Hidden behind an antique shopfront on Hollywood Road lies Maggie Choo’s, a colonial-style, intimate cabaret bar inspired by the fictional story of Shanghainese magnate Maggie Choo. The Hong Kong branch of this Bangkok bar has its own legend, one where Choo inherited her parents’ antique shop after they passed away in a tragic accident. Amongst the shop’s curiosities, Choo discovered a door that led into an abandoned branch of the East India Company bank. Daring and business-minded, Choo decided to turn it into a cabaret and bar. Thus began the vibrant “history” of Choo’s speakeasy as the establishment quickly rose to fame in the post-World War II era.

Designed by the award-winning Ashley Sutton, Maggie Choo’s welcomes patrons into a nineteenth-century oriental interior. It’s decorated with ornate plaster moulding, pendant ceiling lamps, hand-crafted wooden tables, and an antique-style bank vault door. Drinks are ordered from the bank teller counter-turned-cocktail bar, and enjoyed lounging back on one of the green velvet chesterfields.

Maggie Choo’s, Shop 1, G/F, Chinachem Hollywood Centre, 1–13 Hollywood Road, Central

Dada Bar and Lounge

Inside The Luxe Manor is Dada Bar and Lounge, a cosy establishment offering delicious drinks, food, and exceptional live music. Inspired by Dadaism, an early-twentieth century art movement known for its satirical and nonsensical portrayals of human and nature, patrons are invited into a vibrant yet bizarre space. Seemingly mismatched, over-the-top furniture occupies the lounge, which is decorated with opulent drapes and flashy chandeliers. A number of themed private rooms are also available for hire. Dada offers light bites and cocktails inspired by famous works of art.

Dada Bar and Lounge, 2/F, The Luxe Manor, 39 Kimberley Road, Tsim Sha Tsui | (+852) 3763 8778

The Mansion

Imagine dimmed lights, a blood-red interior accented with touches of gold, and an affinity for creativity and art, and you get The Mansion. Located in the heart of Central, The Mansion is a retro-style cabaret bar that weaves together entertainment, artistic appreciation, and gastronomy. Golden art frames line the walls of the bar, where rotating collaborations with artists are on display. Patrons can enjoy live performances every Thursday and Saturday nights as they enjoy The Mansion’s speciality cocktails and pintxos-inspired menu.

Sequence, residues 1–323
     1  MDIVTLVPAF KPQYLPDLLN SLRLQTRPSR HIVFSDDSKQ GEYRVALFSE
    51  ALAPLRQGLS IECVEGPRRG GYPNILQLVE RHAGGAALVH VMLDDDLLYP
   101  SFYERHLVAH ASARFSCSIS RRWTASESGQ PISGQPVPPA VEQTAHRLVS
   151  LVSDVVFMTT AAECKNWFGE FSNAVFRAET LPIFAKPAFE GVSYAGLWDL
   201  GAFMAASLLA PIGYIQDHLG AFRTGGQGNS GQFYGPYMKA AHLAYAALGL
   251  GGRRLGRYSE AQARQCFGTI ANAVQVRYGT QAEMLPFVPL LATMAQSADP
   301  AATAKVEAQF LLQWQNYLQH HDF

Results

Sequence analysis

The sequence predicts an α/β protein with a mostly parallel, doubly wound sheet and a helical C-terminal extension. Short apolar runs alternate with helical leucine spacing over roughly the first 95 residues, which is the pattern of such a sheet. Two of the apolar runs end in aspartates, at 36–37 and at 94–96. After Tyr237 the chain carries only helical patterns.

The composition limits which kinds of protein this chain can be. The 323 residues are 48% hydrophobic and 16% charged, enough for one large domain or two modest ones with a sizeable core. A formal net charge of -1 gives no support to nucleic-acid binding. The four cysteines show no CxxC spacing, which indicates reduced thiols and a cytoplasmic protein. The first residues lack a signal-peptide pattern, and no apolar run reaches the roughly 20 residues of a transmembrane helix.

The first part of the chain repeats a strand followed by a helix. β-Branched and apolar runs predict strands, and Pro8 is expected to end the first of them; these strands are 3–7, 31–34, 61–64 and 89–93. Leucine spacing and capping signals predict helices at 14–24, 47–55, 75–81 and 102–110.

The Mansion, G/F, 77 Wyndham Street, Central | (+852) 5464 0002

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Foxglove captures the tale of Frank Minza, a fictional English aristocrat, and his love for Mrs Pound, a Eurasian adventurer-performer. Driven by her love of food, Pound left her flourishing burlesque dancing career to travel the world with a companion. She crossed paths with Minza while attending a party in Shanghai and the two began a brief yet passionate affair. While she never fell for Minza, Mrs Pound left such an impression on the man that he later opened Foxglove, a jazz lounge named after his amour’s favourite flower.

Sporting a sleek interior, Foxglove offers a comfortable venue for audiences to gather and mingle before an ornate stage at the front of the establishment. Since opening its doors in 2015, Foxglove has become one of the most popular spots for jazz lovers and cocktail enthusiasts in town. Patrons can enjoy regular live music performances in the intimate lounge whilst enjoying themed and seasonal drinks and dishes.

Foxglove, 2/F, Printing House, 6 Duddell Street, Central | (+852) 2116 8949